I went to one of the ALAC meetings at the ICANN meeting near Rome.
I do not believe that ICANN's ALAC system will work. Under ALAC an individual must join an ICANN-approved local club that, in turn, must join an ICANN-approved regional club that, in turn, sends a few delegates to ICANN's ALAC that, in turn, sends a few delegates to ICANN's nominating committee (other non-ALAC bodies also get to send delegates) that, in turn, names a portion of the ICANN Board of Directors who, in turn, routinely rubber-stamp the output of ICANN's "staff". Under this system, an individual has about as much ability to affect ICANN's decisions as he or she has ability to affect the selection of the next Pope.
When I was on ICANN's board, I was hoping that my belief would be proved wrong and I voted to support the ALAC effort. The ALAC was chartered roughly one year ago. Since then the growth of the ALAC has been disappointing.
The ALAC meeting in Rome was held in a small hotel room - the total attendance was less than 20 people, including at least two representatives of ICANN who are not really part of the ALAC.
The meeting topics did not seem to include the question of how to get people to participate in ALAC and how to grow what is now a tiny seed into something of significance. Rather, the discussions concerned substantive policy - such as ICANN's TLD review.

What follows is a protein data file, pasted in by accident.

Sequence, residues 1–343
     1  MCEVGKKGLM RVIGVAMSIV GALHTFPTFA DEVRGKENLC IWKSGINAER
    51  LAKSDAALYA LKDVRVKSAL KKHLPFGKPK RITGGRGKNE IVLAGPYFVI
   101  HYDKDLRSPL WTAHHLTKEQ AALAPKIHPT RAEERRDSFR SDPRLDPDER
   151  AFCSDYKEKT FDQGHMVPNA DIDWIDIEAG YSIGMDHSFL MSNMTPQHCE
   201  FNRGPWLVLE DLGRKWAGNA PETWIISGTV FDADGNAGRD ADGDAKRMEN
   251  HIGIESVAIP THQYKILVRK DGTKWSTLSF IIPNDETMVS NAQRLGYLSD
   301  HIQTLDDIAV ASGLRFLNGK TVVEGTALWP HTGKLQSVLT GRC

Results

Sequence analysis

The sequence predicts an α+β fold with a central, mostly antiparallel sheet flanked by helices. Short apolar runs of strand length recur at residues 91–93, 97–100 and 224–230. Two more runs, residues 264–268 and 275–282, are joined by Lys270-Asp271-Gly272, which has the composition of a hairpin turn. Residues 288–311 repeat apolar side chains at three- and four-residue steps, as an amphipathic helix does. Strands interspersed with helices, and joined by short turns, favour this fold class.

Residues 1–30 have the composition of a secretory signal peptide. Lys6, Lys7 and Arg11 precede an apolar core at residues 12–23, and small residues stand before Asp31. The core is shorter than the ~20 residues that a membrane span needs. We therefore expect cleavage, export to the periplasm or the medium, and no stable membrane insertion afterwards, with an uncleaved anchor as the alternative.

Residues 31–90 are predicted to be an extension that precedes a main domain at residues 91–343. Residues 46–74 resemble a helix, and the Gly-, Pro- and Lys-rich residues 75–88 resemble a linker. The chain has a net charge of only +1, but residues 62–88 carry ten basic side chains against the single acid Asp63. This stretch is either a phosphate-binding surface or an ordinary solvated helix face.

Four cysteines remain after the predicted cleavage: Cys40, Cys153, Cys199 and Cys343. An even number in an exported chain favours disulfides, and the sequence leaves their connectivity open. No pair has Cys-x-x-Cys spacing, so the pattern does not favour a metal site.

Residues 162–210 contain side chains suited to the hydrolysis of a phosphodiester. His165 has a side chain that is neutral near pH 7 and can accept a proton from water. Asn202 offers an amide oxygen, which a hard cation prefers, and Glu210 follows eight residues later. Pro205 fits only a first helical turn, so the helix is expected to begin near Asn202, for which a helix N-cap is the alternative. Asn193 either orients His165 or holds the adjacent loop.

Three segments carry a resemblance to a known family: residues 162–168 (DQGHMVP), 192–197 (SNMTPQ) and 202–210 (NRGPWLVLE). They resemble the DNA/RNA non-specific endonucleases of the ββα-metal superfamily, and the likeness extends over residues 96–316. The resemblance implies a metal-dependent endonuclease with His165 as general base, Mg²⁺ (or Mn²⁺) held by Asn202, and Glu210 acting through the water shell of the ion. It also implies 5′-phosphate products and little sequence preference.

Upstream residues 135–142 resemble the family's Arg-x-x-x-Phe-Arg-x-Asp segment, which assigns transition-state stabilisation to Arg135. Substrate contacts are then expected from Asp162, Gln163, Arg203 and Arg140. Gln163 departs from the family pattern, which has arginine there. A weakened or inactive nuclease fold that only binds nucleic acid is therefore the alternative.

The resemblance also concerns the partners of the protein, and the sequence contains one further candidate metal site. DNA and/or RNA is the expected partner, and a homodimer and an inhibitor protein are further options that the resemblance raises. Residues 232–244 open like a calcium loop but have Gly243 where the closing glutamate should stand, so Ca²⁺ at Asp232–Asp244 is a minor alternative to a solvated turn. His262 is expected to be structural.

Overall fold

The opinions expressed on these substantive policy matters were reasonable, well thought through, and articulately expressed.
However, it seems to me that the present business of the ALAC is to build a system for individuals to participate in the making of internet policy. It seems to me that given the ALAC's existing minimal size that the ALAC ought refrain from substantive policy matters and focus exclusively on its own growth. Debate on substantive policy ought to be postponed until the ALAC is actually a viable body, with real membership and real structures for ascertaining and developing the opinion of the public.
In addition, it seems to me that the ALAC should be sending a consistent message to ICANN about substantive policy questions. That message should be that the ICANN policies made to date have all been made without the full consent of the community of internet users and that, as a result, those policies are grounded on incomplete and weak foundations and that such policies are considered as tentative until ratified by an ICANN that includes the fully empowered voice of the community of internet users.Posted by karl at March 7, 2004 12:54 PM